That love doesn’t come with a price tag, it’s simply there to embrace, the same way we’ve become accustomed to embrace things that get us down. It’s found in each other. In the feeling we get when we compliment somebody and bask in their smile; in an extended hug; in averting our gaze from the mirror to the night sky. In remembering the kinder comments instead of the nasty ones. What’s possible for us is already there and it’s free.

How can you feel loved? By recognising that you already are.

They won’t tell you this. They’ll groom you to think love needs to be bought, or you can only get it if you wear this, or say that, or conform to the other. That’s not true. You’re already loved for who you are. You, with all your worries and fears and self-doubt. You’re loved beyond measure, and feeling it requires just a slight adjustment of what to look for, and what to be open to feel.

Send somebody a letter and tell them what they mean to you. Hold somebody close – family or friend – and let them know you’re grateful for them. Do this and more, and experience the magic. See what changes. I know it sounds cheesy, but give it a go and tell me I’m wrong. I dare you.

Love is just behind that veil so many of us wear.

How can we become genuinely caring and not judging of others?

It’s a process that has to start with ourselves. We not only need to love ourselves and stop giving ourselves a hard time, we also need to understand what that love means. It’s a simple thing to say; an easy enough phrase to throw about, but what does it mean to love ourselves? And how does that impact our relationship with other people?

Part of love is acceptance. To embrace our unique set of experiences, outlooks and behaviours, and look for what’s good. Maybe you struggle to think of things to like about yourself. Well, that’s easy to change. Try this: think of somebody in your life and something you really like about them. Then go and tell them. It might seem a strange thing to do, but imagine receiving a message like that from somebody you know; imagine how that would make you feel. So go and make somebody feel good, and hey presto – you did something wonderful. Even if that’s the only thing you can think of, it’s a brilliant thing to do, and you did it. Next time you pass a cat, stop and give it a pet. Watch how it warms to you and enjoys your touch. You’re generating goodness. Grow that kindness – indulge in it regularly and don’t run away from how good it makes you feel. That could be the starting point from which you can grow to love yourself by accepting who you are and the good things you do.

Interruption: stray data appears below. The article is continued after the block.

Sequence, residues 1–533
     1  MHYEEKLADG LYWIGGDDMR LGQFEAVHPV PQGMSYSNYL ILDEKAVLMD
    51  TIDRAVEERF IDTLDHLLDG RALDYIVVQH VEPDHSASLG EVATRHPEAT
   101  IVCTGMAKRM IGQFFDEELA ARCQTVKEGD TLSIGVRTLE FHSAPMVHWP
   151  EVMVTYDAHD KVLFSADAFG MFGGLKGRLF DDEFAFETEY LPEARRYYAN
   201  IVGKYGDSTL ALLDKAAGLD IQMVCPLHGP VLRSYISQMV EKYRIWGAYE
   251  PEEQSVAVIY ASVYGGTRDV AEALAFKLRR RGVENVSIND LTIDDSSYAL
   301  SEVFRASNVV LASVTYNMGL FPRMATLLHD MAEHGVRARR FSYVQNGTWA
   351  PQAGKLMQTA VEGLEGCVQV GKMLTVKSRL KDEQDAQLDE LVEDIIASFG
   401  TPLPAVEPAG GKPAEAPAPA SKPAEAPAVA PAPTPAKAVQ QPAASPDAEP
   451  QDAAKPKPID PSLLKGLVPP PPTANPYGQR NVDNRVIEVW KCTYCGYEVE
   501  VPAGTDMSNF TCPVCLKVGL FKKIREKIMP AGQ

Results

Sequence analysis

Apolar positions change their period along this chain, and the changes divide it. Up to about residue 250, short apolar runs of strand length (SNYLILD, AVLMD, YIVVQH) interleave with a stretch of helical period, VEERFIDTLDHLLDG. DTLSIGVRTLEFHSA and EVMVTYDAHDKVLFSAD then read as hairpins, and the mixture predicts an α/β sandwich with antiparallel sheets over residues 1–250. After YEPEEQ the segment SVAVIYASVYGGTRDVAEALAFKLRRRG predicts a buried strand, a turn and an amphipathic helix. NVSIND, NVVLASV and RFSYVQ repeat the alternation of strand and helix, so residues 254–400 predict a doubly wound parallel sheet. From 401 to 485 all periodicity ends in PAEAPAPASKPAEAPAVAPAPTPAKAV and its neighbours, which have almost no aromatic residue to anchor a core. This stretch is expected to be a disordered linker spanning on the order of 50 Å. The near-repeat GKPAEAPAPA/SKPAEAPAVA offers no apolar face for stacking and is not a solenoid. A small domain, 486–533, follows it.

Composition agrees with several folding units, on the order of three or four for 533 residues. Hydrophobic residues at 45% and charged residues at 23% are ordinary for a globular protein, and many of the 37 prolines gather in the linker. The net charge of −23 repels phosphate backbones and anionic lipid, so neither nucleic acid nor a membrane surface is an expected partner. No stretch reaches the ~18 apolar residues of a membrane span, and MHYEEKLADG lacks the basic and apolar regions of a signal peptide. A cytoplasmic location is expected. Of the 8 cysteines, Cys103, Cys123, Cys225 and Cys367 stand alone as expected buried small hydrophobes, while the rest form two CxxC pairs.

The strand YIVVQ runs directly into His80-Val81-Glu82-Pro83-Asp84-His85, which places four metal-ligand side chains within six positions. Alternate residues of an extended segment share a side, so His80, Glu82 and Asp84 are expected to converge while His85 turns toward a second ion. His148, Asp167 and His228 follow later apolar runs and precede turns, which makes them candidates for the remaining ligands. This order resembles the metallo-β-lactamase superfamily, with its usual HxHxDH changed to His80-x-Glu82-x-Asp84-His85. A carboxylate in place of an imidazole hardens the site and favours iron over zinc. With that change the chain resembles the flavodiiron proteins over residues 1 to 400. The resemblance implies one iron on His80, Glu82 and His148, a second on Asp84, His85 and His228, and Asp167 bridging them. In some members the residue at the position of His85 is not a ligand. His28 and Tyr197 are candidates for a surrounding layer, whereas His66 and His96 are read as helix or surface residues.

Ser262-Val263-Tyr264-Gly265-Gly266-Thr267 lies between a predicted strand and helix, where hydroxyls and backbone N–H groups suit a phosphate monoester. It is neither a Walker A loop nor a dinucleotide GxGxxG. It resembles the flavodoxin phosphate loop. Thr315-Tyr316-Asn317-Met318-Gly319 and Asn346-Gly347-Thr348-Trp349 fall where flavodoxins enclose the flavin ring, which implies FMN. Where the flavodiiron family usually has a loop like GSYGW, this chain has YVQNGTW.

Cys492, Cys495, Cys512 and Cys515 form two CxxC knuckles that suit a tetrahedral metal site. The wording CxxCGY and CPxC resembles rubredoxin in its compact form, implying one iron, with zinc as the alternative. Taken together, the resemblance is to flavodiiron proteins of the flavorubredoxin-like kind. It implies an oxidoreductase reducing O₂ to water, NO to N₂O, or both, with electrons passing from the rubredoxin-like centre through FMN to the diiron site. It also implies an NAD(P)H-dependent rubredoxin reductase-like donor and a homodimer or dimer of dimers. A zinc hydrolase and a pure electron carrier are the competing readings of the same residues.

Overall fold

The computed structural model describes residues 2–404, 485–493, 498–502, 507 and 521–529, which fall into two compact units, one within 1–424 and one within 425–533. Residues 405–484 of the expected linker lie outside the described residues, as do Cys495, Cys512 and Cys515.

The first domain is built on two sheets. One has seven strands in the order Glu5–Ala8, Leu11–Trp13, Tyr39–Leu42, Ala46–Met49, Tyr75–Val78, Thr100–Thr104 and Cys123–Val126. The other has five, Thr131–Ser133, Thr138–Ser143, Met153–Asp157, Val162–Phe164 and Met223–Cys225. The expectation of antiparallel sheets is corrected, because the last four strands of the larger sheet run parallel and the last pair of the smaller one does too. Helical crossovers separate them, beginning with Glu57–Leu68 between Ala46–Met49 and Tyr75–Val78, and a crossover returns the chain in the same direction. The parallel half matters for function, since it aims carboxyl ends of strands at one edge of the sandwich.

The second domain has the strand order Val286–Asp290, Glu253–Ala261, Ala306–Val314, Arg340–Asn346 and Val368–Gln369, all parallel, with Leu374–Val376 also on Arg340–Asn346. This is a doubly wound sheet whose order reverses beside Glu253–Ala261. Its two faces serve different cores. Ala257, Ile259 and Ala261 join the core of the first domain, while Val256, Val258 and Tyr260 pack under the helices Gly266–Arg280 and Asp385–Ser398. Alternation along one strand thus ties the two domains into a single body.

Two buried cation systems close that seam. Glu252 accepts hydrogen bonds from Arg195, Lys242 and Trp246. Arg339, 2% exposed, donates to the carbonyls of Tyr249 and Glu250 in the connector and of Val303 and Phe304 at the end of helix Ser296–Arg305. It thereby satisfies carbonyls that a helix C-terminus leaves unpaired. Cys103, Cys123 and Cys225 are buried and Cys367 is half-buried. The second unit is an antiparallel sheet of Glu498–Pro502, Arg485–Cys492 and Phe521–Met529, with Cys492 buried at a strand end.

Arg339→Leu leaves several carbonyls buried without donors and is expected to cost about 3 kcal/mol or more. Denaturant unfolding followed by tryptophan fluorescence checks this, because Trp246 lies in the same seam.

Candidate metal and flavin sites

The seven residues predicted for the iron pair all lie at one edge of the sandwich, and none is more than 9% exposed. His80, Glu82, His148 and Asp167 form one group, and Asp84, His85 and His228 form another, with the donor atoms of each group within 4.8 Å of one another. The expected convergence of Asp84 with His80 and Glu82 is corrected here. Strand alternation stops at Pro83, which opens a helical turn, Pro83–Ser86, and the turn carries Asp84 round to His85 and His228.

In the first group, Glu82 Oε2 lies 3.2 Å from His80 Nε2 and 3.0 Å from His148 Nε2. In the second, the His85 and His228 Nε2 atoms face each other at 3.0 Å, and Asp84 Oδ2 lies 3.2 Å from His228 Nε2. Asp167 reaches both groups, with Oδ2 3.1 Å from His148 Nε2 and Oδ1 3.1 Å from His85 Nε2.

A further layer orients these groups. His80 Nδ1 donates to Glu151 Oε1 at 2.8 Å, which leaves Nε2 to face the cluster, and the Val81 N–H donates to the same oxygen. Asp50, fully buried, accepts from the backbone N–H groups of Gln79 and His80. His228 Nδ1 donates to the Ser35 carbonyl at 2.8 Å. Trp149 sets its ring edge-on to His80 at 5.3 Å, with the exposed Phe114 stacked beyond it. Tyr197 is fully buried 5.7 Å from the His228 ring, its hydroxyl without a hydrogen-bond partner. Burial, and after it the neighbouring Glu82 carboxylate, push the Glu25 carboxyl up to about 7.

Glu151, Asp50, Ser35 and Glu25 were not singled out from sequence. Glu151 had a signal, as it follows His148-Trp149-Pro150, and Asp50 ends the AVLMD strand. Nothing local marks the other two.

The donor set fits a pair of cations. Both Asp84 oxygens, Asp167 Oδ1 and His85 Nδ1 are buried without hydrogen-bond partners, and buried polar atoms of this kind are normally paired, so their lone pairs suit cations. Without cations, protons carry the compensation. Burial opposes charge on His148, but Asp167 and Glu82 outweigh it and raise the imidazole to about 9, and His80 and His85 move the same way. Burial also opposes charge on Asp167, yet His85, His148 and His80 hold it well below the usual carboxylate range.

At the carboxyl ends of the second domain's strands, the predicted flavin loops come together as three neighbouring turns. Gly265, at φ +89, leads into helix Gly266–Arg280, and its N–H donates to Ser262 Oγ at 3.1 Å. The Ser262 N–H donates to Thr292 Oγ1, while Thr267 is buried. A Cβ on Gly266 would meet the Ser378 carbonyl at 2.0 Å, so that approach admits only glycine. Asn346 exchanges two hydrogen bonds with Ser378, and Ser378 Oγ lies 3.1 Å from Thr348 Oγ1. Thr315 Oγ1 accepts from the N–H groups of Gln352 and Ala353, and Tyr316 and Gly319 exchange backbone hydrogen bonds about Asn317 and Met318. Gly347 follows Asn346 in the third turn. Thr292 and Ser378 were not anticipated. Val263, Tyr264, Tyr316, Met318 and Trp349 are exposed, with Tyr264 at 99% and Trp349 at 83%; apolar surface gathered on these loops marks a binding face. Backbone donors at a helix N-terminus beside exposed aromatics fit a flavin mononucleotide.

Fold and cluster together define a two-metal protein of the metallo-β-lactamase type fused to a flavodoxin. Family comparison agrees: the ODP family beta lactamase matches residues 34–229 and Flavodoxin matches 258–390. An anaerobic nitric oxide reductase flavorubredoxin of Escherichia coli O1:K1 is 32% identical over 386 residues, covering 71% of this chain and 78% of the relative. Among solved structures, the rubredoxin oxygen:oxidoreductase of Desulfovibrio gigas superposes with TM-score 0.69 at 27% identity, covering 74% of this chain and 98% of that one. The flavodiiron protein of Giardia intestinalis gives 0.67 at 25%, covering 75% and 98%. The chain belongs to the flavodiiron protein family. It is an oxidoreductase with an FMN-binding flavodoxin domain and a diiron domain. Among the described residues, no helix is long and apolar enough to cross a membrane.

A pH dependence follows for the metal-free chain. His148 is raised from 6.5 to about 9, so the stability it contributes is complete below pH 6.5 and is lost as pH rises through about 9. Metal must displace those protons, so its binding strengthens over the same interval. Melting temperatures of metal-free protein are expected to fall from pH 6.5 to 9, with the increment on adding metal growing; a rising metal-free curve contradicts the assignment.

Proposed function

Another aspect of love is non-judgement. How quick we can be to dismiss ourselves by comparing ourselves to others, or to belittle our own achievements. It’s a healthy practice to create a sanctuary; somewhere free of the narrative we condemn ourselves with, that tells us we may have a cool outfit, but we’re still ugly; that tells us that we may think we’re funny but everyone else thinks we’re dumb; that tells us we only look good in photos if we take them from one specific angle; that tells us we’ll never amount to anything and nobody truly likes us. We condemn ourselves with blame and judgement. It’s time to make a place for ourselves where thoughts like that are not allowed. Nobody has to know about it, but it needs to exist, and every time we feel down, or want to hurt ourselves, we go there. Because it’s safe. And in that place, we put our heart, and the way we feel about ourselves. That’s protected now.

The third aspect of love I want to mention is commitment. Love doesn’t give up. It sees us through, when others see we’re through. How committed are you to yourself? Have you ever considered it? Inside every single one of us is a wonderful person, but many of us don’t feel particularly wonderful. Even if we can try to accept ourselves, without judgement, what’s there may not make us feel terribly excited. So what then? That’s where self-commitment comes in. Your commitment to be the best version of you that you can be – the version where smiles and laughter aren’t a notable event, they’re simply part of who you are as you go about the business of being alive. The version of you who decides on a goal and sets out to achieve it because you can do it, and you’re worth it. Commitment can also mean picking yourself up when you drop the ball and get into a rut about yourself – maybe those voices get louder for a bit and start to take over. Self-commitment can help get you over that hump so you see the other side and keep going on your amazing journey.